Interview with Stephen Klasko, M.D.

President and CEO of Jefferson Health and Thomas Jefferson University

“I think that the main reason people died from Covid in the United States was their zip code.”

What drove you to pursue a career in healthcare?

I was a broadcasting major and a Chemistry minor. I started out as a DJ and I got fired from my first DJ job. But I did so well in my Chemistry minor that I became a doctor. The hilarious thing is that I got rejected in my first interview because I have a big mouth and I criticized the neurosurgeon, which you never do. But the second interview was in Philadelphia where I was a DJ, and the doctor interviewing me had worked the night shift and recognized my DJ name. He thought it would be really cool for me to work there.

This is not the most inspirational story but what inspired me is that in medical school I loved surgery but I was in my OBGYN rotation. This was back in 1978-1980 and to know what the outcome would be in nine months’ time and to be with people in the best of times and the worst of times of their lives was very special. Many people make their decisions based on the people they work with on their rotations. I met this doctor in a poor hospital who treated all these mums and babies just like they were gold. I just thought, how could there be a better specialty? I didn’t think about money or lifestyle as neither are great in OBGYN. I went on to deliver 2500 babies in the first part of my career and I still get Christmas and Hanukkah cards from the babies I delivered.

What are the top three challenges healthcare is facing these days?

I think the first challenge is health equity. I think it is a global challenge, sadly it is a little worse in the United States than it is in other countries partly because the folks who have money have everything and so the gap is wider. I think that the main reason people died from Covid in the United States was their zip code, not your genetics, not whether you wore a mask, not social distancing. Your zip code. In Philadelphia, there are five zip codes where less than 50% of people have broadband. If you think about it, these people are in virtual jail. In May 2020, CNN was telling people not to go to the hospital because they’ll get that horrible disease. If you did not have broadband and you could not access telehealth and if you had chest pain, you may have thought that you should not go to the hospital but should just go to sleep, so people died.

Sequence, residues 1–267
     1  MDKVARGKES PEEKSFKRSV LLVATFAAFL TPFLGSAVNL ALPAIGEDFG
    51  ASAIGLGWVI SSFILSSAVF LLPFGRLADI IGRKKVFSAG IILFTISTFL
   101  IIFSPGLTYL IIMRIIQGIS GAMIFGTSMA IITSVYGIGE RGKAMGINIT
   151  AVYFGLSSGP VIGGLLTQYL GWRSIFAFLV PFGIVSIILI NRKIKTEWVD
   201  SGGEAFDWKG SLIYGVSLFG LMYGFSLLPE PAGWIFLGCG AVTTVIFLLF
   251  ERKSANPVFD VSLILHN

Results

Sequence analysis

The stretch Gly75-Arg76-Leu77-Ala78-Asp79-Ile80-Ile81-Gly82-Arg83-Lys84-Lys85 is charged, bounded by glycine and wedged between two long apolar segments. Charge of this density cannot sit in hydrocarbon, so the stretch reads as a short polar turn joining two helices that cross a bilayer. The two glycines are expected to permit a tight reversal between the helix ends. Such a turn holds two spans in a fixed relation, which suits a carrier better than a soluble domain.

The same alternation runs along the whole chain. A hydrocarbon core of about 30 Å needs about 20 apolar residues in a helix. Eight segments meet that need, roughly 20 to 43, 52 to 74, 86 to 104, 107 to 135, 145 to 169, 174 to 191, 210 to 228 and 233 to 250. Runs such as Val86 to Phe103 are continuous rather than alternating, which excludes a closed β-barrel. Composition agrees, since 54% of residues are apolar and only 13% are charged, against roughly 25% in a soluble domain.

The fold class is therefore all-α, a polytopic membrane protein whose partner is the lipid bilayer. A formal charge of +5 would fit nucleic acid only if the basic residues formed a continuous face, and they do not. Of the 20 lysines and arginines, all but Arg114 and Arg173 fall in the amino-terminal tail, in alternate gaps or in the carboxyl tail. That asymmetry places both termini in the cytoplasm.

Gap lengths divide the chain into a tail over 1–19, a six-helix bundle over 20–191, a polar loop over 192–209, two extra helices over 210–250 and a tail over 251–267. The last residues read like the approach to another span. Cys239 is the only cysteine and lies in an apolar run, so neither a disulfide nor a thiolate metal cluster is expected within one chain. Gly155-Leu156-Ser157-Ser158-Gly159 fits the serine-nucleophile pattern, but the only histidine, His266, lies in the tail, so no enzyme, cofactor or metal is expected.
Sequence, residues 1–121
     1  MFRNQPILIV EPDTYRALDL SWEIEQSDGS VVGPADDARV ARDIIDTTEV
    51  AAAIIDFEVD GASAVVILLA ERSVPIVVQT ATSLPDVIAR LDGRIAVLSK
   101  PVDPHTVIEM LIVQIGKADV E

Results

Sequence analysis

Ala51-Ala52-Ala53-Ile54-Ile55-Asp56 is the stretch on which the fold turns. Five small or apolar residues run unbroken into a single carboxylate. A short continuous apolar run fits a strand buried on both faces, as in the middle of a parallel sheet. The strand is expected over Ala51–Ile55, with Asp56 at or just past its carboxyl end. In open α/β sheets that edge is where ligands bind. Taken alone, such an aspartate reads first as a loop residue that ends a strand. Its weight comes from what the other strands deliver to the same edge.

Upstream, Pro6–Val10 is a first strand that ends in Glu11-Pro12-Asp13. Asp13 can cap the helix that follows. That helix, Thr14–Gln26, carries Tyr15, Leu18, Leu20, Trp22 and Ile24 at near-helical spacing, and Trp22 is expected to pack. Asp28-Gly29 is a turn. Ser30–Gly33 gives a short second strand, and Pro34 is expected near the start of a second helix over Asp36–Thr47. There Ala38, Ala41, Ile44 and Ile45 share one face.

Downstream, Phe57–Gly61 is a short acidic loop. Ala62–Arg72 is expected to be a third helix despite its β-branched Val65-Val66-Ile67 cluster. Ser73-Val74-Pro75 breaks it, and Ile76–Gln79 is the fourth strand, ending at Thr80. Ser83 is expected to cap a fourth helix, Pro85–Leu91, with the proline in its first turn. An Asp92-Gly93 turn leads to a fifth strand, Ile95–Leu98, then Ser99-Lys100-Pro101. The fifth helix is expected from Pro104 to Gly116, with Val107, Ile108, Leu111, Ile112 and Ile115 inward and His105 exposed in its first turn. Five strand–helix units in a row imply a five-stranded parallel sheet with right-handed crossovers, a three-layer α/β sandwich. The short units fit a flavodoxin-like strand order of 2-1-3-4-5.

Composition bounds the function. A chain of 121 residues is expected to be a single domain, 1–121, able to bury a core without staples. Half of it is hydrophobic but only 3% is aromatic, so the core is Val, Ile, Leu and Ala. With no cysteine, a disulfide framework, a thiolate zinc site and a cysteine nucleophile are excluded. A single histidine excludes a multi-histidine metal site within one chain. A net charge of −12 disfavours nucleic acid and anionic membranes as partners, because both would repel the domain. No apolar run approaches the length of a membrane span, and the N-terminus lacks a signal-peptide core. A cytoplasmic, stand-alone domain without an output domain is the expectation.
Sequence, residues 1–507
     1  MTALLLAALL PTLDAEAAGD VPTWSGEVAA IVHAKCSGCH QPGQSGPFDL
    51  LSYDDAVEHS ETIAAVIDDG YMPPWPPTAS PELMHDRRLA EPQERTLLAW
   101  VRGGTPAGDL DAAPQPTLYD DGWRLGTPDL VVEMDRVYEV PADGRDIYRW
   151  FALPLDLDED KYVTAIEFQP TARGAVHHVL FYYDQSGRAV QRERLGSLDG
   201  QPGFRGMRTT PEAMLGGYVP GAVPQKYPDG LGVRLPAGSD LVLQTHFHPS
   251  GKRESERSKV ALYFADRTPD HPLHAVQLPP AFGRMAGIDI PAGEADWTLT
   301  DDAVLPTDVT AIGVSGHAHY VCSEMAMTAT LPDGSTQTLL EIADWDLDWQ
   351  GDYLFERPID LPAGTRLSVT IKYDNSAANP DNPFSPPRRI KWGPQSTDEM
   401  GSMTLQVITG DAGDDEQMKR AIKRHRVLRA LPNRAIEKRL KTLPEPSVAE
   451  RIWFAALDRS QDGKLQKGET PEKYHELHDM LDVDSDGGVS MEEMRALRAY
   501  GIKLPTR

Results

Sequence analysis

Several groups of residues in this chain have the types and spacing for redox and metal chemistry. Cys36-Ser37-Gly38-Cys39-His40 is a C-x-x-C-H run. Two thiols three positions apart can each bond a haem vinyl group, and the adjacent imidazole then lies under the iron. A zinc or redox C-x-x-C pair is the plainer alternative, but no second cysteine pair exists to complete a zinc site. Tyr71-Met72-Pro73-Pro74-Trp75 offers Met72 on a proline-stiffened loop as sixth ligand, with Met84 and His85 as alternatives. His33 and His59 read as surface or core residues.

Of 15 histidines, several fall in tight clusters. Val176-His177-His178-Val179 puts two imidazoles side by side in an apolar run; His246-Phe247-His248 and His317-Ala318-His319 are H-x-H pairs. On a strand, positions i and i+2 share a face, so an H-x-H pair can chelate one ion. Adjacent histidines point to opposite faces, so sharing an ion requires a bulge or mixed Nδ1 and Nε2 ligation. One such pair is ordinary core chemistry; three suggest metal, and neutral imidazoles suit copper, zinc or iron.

“We don’t get up in the morning and say we are going to telebank but we do talk about telehealth like it is a weird thing.”

And here’s the second problem with our healthcare system. There was this guy from Google X who I was on a panel with and he had this great quote, “The problem with American healthcare is not that we aim too high and fail but we aim too low and hit the mark!”. The way I look at it is that the ability for me to use technology to affect a single patient has changed dramatically in 30 years. But the way we deliver healthcare hasn’t changed much at all. Healthcare needs to become a consumer sport. Every other sector has done a much better job. We don’t get up in the morning and say we are going to telebank but we do talk about telehealth like it is a weird thing. At Jefferson, I championed something called “Healthcare at any Address”; that we should not be defined by the hospitals that we go to but by the care that we are getting at any address.

The third crisis is that we are creating medical students of the past. We still accept students based on grades and not on them being creative or empathetic. Being able to memorize something is not what I want for my OBGYN student or my family doc. We need to start selecting medical students based on empathy, communication skills, and cultural competence.